Adventism and Inspiration

Jack Blanco was able to write Adventist doctrine into TCW because of Adventism’s doctrine of inspiration. Adventists do not endorse the verbal inspiration of the Bible because Adventism teaches that Ellen G. White was inspired in exactly the same way as were the Bible writers: the Lord gave thoughts and ideas to the authors who then used their own skills to generate the words they used to explain those thoughts and ideas. Thus, Adventism can continue to promote the Spirit of Prophecy as being inspired just as was the Bible. Roger Coon from The White Estate explains it this way:

What, then, is the position of the denomination with regard to the proper relationship between the writings of Mrs. White and sacred Scripture? As I understand it, we hold that Ellen G. White was inspired in the same manner and to the identical degree as were the prophets of the Bible; but—and this will be paradoxical to some—we do not make of her writings a second Bible, or even an addition to the sacred canon of God’s Word.8

This explanation is double-speak. Adventists live with cognitive dissonance because they are told that Ellen White’s writings are not on the level of Scripture. At the same time, they are also told that the Spirit of Prophecy is inspired in the same manner and to the same degree as Scripture. Both of these claims cannot be true.

This double-speak is compounded by the fact that official Adventist statements do not reveal the way Ellen White’s writings are actually used within Adventism.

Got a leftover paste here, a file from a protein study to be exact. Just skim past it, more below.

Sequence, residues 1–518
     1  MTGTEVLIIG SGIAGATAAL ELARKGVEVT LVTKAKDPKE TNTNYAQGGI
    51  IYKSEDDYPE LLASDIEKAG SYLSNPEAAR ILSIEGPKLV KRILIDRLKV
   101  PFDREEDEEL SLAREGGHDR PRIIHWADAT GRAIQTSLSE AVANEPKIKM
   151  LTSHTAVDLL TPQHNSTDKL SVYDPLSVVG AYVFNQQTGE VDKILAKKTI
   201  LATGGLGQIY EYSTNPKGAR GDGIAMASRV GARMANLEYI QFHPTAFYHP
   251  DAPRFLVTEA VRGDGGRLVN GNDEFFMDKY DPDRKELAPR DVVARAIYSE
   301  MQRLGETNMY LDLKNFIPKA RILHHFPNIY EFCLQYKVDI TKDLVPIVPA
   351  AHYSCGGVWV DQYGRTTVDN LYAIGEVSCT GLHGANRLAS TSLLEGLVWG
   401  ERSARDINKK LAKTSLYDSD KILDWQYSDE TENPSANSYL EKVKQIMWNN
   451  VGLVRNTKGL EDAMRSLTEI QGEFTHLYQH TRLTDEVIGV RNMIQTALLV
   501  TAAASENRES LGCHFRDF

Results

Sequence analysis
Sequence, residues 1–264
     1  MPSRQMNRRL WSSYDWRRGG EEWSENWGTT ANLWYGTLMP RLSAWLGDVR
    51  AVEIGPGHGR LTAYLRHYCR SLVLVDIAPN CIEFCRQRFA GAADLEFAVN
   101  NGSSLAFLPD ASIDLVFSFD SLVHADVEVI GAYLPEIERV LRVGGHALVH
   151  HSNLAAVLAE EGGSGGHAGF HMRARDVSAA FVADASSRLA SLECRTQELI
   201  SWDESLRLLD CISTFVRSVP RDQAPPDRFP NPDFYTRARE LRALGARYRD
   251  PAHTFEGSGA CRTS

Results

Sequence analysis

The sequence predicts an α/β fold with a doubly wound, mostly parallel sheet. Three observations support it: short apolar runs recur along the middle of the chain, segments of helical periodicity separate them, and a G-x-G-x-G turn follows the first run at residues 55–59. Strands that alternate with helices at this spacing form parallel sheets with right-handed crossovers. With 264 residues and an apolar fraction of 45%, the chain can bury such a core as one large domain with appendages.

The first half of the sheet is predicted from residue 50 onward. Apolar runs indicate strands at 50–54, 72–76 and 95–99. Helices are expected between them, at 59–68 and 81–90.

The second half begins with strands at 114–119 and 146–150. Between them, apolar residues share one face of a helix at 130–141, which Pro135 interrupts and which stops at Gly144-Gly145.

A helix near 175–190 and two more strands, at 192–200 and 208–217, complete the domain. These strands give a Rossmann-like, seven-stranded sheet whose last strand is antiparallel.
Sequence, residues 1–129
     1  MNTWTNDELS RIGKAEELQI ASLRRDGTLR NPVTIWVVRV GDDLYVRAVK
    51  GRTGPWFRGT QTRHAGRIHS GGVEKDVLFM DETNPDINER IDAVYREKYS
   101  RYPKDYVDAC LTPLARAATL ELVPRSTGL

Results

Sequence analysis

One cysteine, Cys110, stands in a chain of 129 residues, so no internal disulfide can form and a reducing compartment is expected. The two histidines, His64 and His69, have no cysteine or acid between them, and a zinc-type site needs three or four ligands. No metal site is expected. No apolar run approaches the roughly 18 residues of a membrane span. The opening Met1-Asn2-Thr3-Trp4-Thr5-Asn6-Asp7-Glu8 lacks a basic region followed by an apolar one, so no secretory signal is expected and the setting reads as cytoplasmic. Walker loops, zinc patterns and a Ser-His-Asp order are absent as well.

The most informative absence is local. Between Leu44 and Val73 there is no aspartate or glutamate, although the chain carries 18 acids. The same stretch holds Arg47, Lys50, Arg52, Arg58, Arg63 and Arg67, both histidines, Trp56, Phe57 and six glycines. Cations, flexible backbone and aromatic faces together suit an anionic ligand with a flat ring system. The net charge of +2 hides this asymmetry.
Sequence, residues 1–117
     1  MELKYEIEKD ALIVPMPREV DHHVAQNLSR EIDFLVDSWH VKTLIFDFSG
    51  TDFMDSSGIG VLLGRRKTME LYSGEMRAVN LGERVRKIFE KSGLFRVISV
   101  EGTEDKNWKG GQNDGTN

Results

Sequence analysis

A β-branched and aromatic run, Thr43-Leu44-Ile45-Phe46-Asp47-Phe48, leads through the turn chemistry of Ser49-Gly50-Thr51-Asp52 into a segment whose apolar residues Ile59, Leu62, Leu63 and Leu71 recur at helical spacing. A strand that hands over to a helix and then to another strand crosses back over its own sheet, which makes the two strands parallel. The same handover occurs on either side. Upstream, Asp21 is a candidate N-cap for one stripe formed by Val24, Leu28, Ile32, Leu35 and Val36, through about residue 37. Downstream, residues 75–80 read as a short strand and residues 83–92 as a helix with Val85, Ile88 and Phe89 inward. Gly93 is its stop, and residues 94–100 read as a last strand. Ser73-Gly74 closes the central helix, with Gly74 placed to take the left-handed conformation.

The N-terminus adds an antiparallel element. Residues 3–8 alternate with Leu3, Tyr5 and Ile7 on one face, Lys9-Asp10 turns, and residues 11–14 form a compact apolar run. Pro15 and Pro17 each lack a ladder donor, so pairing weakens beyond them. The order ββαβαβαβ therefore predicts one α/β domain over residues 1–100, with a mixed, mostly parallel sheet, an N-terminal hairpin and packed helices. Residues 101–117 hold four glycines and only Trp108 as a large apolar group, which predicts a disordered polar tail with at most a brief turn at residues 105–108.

To further understand Adventism’s claims, let’s take a look at how the Biblical Research Institute (BRI) of Seventh-day Adventism and Ellen White explain inspiration. First, here is White’s classical statement:

It is not the words of the Bible that are inspired, but the men that were inspired. Inspiration acts not on the man’s words or his expressions but on the man himself, who, under the influence of the Holy Ghost, is imbued with thoughts. But the words receive the impress of the individual mind. The divine mind is diffused. The divine mind and will is combined with the human mind and will; thus the utterances of the man are the word of God.9

The BRI endorses White’s revelation:

According to her, God addresses the totality of the person and not only one aspect of the personality of the prophets, e.g. the verbal skills of the prophets. Second, what she is describing is the mysterious process through which the divine message or word is “incarnated” into the human condition. The divine mind, she says, is diffused. And by that she means that the divine mind and will are combined with the human mind and will in such a way that what is expressed by the human instrument—“the utterances of the man”—are “the word of God.”10